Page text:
Mediation vs. Litigation: A Comparison
Most people do not fully understand the drastic differences between divorce mediation and litigation. There are so many factors at play ranging from the cost of the process to the emotional impact that the process will have on you and your family. In this article, we will illustrate the differences between divorce mediation to help you make an informed decision about what is right for you. Remember, the choice you make regarding how you handle your divorce will have a long-term impact on your life. Please allow this article to help inform your decision.
What is mediation?
Divorce mediation is a process where you and your spouse sit down with a neutral-third party divorce mediator to divide the assets and debts of your marriage without going to court. You can also decide things such as child custody, child support, and spousal support. Your divorce mediator will help to moderate your conversation, facilitate open communication by creating a safe space in which to speak, inform you of the law, and provide you with options. The result? You will have a comprehensive and customized divorce agreement that is legally binding without the cost or headache associated with going to court.
What is litigation?
Litigation is a process where each spouse hires a separate attorney to represent his or her individual interests in a court room. The judge makes decisions for the spouses regarding property division, child custody, and support.
Cost, cost, cost:
One of the most common questions connected to divorce is “what will this whole thing cost?” Here is the truth about the costs associated with divorce.
Mediation – Although some mediators bill by the hour, it has become common practice for divorce mediators to charge a fixed, flat fee for the entire divorce mediation process. At Alternative Divorce Solutions, we offer a variety of flat fee packages for our clients and will assess the complexity of the case to determine which one is right for our clients. Then, everything is included within this fee. This means that filing fees, court costs, paperwork, and all communication is covered. After we have done a case assessment at your free consultation, you will never again have to ask “what will this whole thing cost?” because it will be laid out for you, clearly. This removes some uncertainty from what can otherwise be a scary time in your life.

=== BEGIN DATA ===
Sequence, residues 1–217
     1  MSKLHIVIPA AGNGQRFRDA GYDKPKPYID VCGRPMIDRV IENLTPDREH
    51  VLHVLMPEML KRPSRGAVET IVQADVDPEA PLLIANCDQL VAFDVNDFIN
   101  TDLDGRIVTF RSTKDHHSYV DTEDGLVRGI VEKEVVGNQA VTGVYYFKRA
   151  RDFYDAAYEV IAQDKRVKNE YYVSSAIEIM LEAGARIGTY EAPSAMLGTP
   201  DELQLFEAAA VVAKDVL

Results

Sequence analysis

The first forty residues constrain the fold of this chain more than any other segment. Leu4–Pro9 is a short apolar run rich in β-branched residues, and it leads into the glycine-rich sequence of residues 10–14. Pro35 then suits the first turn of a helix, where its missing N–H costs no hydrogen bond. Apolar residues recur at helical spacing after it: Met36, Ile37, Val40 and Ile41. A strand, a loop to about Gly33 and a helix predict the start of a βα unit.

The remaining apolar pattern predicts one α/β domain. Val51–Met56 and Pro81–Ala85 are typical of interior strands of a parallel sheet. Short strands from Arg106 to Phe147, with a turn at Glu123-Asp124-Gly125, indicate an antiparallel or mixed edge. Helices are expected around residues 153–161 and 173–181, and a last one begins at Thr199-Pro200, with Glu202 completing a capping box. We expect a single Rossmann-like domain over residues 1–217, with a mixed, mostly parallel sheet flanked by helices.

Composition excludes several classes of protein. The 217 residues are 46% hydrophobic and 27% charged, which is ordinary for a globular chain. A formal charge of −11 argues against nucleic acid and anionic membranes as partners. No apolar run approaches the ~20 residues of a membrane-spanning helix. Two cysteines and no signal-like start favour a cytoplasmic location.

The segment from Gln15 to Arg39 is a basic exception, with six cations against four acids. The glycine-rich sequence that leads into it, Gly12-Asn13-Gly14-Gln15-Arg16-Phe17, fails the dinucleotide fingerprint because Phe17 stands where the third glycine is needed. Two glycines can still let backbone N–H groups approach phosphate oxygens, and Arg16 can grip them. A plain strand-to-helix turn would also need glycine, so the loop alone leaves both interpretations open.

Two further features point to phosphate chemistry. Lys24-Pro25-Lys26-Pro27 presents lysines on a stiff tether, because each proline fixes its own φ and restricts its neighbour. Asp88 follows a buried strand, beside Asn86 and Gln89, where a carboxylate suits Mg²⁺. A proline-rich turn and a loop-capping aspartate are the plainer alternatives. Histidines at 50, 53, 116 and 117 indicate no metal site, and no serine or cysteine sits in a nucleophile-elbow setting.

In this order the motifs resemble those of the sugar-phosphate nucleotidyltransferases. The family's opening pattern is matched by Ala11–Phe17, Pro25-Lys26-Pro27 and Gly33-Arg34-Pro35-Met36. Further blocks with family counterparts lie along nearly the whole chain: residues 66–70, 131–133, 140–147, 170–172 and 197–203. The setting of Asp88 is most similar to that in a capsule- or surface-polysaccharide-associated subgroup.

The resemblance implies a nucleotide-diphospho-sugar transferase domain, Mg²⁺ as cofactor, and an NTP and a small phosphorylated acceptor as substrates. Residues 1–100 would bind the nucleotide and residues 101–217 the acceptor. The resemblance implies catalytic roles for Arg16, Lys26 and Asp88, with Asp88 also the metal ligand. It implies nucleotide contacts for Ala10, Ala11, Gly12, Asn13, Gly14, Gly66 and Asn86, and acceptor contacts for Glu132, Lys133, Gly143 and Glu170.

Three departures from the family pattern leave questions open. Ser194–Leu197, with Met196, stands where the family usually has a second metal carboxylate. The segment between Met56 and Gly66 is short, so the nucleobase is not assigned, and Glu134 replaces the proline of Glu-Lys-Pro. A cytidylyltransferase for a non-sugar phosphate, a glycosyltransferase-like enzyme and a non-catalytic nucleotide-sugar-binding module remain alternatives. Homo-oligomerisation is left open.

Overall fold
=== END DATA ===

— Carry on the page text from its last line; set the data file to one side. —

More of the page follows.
Litigation – Divorce attorneys bill by the hour. In Orange County, the average attorney’s hourly rate is approximately $350, but can be as high as $600 or more. Typically, when a client signs up with a divorce attorney to get a divorce, they pay something called a “retainer fee”. This fee usually ranges between $5,000 - $15,000 per person and serves the purpose of securing an attorney to represent you. In divorce, the attorney begins to bill against this retainer fee immediately. Every court filing, e-mail, phone call, meeting, and court appearance gets billed for. As you can probably imagine, that retainer fee gets eaten through very quickly, with no end in sight, and needs to be replenished. Keep in mind, that each person must hire an attorney to represent them in the litigation process. This means that each person will need to spend $5,000 - $15,000 before they even start their divorce.
What’s worse is that, sadly, the attorneys representing the clients have an inherent conflict of interest. That is, if they settle the divorce or finish it, they are no longer making money. So, aside from the kindness in their own hearts (yeah right), what incentives do they have to stop the bleeding? None!
Mediation – In California, there is a 6 month, 1 day waiting period that is in place by operation of law regardless of how you choose to complete your divorce. Specifically, once a person files for divorce and the other spouse is served with the divorce paperwork, a time period of 6 months and 1 day must pass before the court changes your status from married to divorced. The rationale behind this law is that it gives couples an opportunity to reconcile before their divorce is finalized. In fact, it is often referred to as the “cooling off” period and is in place to protect people from decisions made in haste (and often anger).